People with angle-closure glaucoma tend to have a smaller than average anterior chamber. The angle formed where the iris and cornea meet is where the trabecular meshwork is located. For most individuals, this angle is around 45 degrees. The smaller this angle gets, the closer the trabecular meshwork is to the iris. As we get older, our eye lenses tend to grow which causes the aqueous humor to pass between the lens and iris with a lot of difficulties. This creates a fluid pressure build-up, and when this pressure becomes sufficiently high, an angle-closure glaucoma attack occurs.

• Acute Glaucoma

This is an angle-closure glaucoma type that occurs suddenly as opposed to POAG whose conditions are manifested gradually. The sudden rise in IOP can happen in just a matter of hours and is very painful. The eye will turn red as the cornea swells and the victim might begin seeing haloes around lights and have blurred vision.

Acute glaucoma is an emergency, and if treatment is delayed, loss of sight could happen. A lot of these sudden attacks tend to occur in darkened environments where pupils dilate an increase in size. When this happens, the contact between the iris and eye lens is at a maximum which further narrows the angle thus triggering an attack. Additionally, a pupil may dilate during a panic attack or when one is excited. This is why a lot of acute glaucoma attacks happen when an individual is stressed. Some medication such as antihistamines and antidepressants may also lead to an attack because they cause the pupil to dilate.

Being examined routinely is the best method for predicting one’s chances of having an acute attack. The examination checks typically for the width of the angle. An individual with narrow angles is advised immediately on their condition and given treatment.

• Pigmentary Glaucoma

This is another type inherited open-angle glaucoma that tends to occur more commonly in men. It typically starts during the 20s and 30s which makes the condition lethal because it could mean a lifetime of permanent blindness if not detected and treated early. It is more typical in individuals that are nearsighted. 

• Exfoliation Syndrome

Exfoliation is one of the most common causes of glaucoma and afflicts people around the globe. However, it statistically occurs more frequently among persons of European descent.

About 10% of people above 50 experience the deposition of whitish material that looks like dandruff on the lenses of their eyes. This exfoliation material may at times clog the trabecular meshwork thus causing an elevation in the intraocular pressure.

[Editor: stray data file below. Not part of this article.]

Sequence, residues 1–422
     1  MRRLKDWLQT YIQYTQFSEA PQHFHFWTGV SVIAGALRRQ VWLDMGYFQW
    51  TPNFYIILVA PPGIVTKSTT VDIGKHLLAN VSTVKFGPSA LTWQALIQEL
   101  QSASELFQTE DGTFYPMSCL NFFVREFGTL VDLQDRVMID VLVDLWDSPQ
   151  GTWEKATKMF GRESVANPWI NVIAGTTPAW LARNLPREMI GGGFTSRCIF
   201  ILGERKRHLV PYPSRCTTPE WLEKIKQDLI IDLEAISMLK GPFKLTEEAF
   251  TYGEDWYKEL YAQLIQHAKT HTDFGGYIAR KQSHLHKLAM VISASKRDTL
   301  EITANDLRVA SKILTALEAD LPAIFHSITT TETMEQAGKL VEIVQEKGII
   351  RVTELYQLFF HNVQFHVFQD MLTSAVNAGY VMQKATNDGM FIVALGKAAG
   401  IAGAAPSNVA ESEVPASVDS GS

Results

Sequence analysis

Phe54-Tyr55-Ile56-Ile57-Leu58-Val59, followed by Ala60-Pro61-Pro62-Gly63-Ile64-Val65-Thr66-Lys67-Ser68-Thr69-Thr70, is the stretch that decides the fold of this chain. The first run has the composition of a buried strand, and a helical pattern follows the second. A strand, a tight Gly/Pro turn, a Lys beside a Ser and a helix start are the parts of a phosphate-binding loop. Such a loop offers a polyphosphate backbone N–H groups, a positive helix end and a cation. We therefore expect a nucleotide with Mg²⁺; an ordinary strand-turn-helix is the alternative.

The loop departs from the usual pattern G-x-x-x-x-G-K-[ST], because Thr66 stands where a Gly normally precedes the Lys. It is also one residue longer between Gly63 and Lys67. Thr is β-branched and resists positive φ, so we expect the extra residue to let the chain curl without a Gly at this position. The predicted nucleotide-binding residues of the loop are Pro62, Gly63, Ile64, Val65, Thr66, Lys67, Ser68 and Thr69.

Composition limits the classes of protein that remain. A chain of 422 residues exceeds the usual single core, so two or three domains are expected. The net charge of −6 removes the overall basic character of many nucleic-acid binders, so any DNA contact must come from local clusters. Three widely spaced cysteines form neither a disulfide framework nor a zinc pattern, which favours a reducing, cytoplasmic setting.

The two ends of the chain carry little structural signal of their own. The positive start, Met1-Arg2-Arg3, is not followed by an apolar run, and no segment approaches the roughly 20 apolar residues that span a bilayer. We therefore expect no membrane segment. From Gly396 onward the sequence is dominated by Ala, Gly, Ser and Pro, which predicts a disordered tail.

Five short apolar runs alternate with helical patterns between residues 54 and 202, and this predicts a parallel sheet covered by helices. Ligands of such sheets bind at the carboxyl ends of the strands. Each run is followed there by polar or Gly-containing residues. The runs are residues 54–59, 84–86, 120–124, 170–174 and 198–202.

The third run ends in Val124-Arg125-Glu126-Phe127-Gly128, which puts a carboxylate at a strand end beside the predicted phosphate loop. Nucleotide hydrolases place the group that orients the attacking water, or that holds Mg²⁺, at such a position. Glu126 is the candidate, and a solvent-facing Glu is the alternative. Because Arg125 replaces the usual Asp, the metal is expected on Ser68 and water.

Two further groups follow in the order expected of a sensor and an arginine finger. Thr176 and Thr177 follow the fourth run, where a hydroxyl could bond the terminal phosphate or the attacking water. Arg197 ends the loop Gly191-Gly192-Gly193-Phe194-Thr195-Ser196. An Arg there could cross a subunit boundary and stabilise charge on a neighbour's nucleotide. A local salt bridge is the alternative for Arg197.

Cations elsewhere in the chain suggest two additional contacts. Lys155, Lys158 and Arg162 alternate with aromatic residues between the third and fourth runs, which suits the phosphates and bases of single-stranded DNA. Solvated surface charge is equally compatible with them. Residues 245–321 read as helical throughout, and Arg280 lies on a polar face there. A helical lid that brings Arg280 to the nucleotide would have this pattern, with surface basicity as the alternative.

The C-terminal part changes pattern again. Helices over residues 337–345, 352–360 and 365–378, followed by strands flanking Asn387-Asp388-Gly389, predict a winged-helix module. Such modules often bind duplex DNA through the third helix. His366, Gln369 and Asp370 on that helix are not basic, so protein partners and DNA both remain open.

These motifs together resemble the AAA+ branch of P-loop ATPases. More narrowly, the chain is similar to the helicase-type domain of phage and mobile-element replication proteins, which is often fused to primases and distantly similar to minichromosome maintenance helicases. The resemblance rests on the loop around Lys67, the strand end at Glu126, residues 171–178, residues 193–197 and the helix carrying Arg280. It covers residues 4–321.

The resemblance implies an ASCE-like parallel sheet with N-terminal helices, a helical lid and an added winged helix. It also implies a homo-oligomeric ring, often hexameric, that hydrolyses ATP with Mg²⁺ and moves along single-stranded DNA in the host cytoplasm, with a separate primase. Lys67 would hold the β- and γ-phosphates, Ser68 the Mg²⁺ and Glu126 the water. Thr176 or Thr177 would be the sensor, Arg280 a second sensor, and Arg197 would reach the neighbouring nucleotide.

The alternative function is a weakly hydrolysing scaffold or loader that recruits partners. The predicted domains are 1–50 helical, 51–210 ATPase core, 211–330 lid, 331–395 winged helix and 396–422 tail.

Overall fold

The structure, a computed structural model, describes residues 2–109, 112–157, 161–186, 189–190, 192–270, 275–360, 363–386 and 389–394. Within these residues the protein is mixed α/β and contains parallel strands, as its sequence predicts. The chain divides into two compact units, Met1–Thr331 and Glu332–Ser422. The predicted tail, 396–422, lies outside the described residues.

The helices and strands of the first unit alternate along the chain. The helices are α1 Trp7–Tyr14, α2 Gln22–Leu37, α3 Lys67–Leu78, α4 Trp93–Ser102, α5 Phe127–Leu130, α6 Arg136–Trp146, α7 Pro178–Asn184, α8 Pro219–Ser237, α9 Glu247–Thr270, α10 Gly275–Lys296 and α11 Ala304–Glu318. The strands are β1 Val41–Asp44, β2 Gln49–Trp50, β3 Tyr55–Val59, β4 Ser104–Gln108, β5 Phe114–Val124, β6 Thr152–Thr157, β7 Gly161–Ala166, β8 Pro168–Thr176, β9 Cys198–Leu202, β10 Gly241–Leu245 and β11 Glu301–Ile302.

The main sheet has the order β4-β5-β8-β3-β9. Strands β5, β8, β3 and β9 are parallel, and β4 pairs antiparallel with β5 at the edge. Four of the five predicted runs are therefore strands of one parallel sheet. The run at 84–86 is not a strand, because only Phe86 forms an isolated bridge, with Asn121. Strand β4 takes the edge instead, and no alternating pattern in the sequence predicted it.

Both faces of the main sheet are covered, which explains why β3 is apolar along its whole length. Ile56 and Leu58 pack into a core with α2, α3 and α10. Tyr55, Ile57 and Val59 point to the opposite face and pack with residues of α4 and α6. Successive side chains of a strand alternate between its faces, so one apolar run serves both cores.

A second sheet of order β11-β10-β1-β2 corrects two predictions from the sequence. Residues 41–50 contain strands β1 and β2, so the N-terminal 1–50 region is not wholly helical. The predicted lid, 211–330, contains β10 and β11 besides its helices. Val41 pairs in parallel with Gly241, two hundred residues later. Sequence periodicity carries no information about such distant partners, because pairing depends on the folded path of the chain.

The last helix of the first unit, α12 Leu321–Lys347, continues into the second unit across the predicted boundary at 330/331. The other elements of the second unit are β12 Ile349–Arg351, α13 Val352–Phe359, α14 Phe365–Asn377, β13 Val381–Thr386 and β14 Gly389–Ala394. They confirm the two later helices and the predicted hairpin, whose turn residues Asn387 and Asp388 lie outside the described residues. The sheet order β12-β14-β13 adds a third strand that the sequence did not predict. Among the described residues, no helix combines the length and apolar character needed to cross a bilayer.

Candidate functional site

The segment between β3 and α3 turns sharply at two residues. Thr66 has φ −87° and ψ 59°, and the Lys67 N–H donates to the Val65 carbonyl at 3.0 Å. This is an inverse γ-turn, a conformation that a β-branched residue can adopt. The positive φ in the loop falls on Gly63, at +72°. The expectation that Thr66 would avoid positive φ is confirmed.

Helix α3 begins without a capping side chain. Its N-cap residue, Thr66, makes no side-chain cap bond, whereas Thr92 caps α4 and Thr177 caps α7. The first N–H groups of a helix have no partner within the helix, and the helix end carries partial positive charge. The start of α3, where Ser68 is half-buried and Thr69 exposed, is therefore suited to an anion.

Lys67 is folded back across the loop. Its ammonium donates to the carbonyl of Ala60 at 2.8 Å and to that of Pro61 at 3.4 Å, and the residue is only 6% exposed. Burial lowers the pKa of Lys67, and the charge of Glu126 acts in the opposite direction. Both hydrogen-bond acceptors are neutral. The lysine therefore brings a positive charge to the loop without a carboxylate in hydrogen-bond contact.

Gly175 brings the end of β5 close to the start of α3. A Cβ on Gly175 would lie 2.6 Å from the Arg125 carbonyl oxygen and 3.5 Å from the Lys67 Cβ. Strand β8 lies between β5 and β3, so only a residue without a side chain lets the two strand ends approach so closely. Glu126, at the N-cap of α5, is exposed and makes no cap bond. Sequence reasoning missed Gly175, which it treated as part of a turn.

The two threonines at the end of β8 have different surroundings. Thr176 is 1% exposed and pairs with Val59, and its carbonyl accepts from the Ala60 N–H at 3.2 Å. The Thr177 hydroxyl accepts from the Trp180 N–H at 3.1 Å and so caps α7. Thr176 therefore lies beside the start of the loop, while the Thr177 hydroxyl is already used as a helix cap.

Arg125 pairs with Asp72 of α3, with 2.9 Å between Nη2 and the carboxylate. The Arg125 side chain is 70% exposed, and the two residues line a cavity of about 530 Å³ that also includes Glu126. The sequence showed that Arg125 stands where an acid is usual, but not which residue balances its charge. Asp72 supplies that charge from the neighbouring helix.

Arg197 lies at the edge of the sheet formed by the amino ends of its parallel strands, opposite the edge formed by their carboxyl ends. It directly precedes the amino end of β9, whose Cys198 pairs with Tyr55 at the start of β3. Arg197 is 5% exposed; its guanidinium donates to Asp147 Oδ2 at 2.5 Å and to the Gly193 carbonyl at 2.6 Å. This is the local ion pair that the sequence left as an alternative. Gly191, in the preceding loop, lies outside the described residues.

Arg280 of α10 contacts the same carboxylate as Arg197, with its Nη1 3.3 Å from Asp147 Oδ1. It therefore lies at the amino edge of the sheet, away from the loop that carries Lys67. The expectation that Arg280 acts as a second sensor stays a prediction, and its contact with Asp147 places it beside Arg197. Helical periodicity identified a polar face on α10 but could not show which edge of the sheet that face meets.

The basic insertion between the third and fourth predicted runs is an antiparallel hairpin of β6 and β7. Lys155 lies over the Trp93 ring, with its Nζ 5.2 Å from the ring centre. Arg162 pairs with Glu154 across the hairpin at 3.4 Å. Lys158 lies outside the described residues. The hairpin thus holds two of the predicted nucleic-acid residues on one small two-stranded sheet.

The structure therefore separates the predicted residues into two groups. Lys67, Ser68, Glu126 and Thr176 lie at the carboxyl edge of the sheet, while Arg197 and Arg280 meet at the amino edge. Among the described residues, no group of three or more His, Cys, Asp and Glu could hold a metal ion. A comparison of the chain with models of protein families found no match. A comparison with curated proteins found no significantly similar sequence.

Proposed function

This syndrome may lead to both angle-closure and open-angle glaucoma; at times resulting in both types of glaucoma in the same person. Not all individuals with this condition develop glaucoma; however, they are six times more likely to develop glaucoma than someone without the exfoliation syndrome.

• Trauma-Related Glaucoma

An injury to the eye resulting from either a chemical burn, blow to the eye, or a penetrative injury could lead to the development of either acute or chronic glaucoma. This might be attributed to the mechanical disruption of the eye’s drainage system. Anyone who has suffered eye trauma is therefore advised to have eye examinations at regular intervals.

• Childhood Glaucoma

It is a rare form of glaucoma that occurs in 1 out of 10000 infants during birth. Its causes are related to diseases that cause abnormal increases in the IOP. This type of glaucoma is identified by the underdevelopment of the eye’s drainage area at birth. Its early symptoms include poor vision, light sensitivity, blinking, and tearing.

Treatment of pediatric glaucoma is done differently than adult glaucoma; infants will often require surgery. This invasive procedure aims to decrease fluid production within the eye or increase the discharge of fluid from the eye thereby reducing IOP.

Up to 90% of babies that receive surgical treatment promptly will have normal vision throughout their lifetime. 

Getting to know and understand the different forms of glaucoma is essential. It enables you to find out if at all you are at risk of getting this disease. As earlier mentioned, glaucoma often shows no signs until it is too late. It is, therefore, critical to not only know whether you are susceptible to glaucoma but to also have your eyes regularly checked. Get tested!